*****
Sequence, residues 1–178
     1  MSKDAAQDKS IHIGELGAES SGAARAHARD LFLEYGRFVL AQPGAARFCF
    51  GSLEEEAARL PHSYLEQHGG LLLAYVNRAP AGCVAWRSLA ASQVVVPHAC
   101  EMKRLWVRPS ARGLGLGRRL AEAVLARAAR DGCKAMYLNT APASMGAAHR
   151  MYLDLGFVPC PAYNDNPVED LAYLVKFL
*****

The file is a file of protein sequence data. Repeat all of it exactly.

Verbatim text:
Sequence, residues 1–178
     1  MSKDAAQDKS IHIGELGAES SGAARAHARD LFLEYGRFVL AQPGAARFCF
    51  GSLEEEAARL PHSYLEQHGG LLLAYVNRAP AGCVAWRSLA ASQVVVPHAC
   101  EMKRLWVRPS ARGLGLGRRL AEAVLARAAR DGCKAMYLNT APASMGAAHR
   151  MYLDLGFVPC PAYNDNPVED LAYLVKFL